Shark Bay, WA: The largest plant in the world discovered on the Australian coast

Researchers studying something else are believed to have discovered the largest plant in the world off the coast of the WA.

The largest known plant in the world was discovered off the Australian coast by scientists who were studying something else.

Researchers from the University of Western Australia and Flinders University believe that an ancient and hardy seaweed that extends over 180km in Western Australia is the largest plant on earth.

Posidonia australis is found in the shallows of Shark Bay and is estimated to be at least 4500 years old.

Researchers were initially working to understand how genetically diverse seagrass beds in the World Heritage area were and which plants should be harvested for seagrass restoration.

While this is the project’s initial goal, scientists have now embarked on a series of experiments to understand how the plant survives and thrives in such varying conditions.

UWA researcher Jane Edgeloe said the team sampled plant sprouts from all of Shark Bay’s varying environments and used 18,000 genetic markers.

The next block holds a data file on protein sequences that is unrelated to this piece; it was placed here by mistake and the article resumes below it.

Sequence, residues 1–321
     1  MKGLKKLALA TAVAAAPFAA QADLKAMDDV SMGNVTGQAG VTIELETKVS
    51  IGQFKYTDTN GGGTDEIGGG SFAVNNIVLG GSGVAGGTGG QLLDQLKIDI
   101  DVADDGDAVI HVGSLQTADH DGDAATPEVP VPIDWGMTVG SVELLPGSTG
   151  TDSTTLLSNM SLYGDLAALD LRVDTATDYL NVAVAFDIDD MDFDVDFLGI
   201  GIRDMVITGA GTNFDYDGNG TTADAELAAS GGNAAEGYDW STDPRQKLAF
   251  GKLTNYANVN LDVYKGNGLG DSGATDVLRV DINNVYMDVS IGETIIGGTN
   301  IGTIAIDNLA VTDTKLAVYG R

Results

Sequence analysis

It was then that they discovered that the only plant was able to grow and spread.

“The answer shocked us,” said Ms. Edgeloe.

“Only one plant has expanded over 180km in Shark Bay, making it the largest known plant on Earth.

“The current 200 km2 of weed meadows appear to have expanded from a single colonizing plant.”

The plant has managed to survive in the harsh conditions of the area, where some parts have salt levels twice as high as others in the bay and live in temperatures between 15 ° C and 30 ° C.

Evolutionary biologist Elizabeth Sinclair said the seagrass was also unique in the way it retained both parents’ chromosomes and hybridized, with seedlings containing 100% of each parent’s genome instead of the usual 50/50 division. .

“Polyploid plants often reside in places with extreme environmental conditions, are often sterile, but can continue to grow if left undisturbed, and this giant alga has done just that,” said Dr Sinclair.

“Even without successful flowering and seed production, it appears to be very resilient, experiencing a wide range of temperatures and salinities as well as extremely high light conditions, which together would typically be very stressful for most plants.”

Originally published as The largest plant in the world accidentally discovered on the Australian coast by researchers looking into something else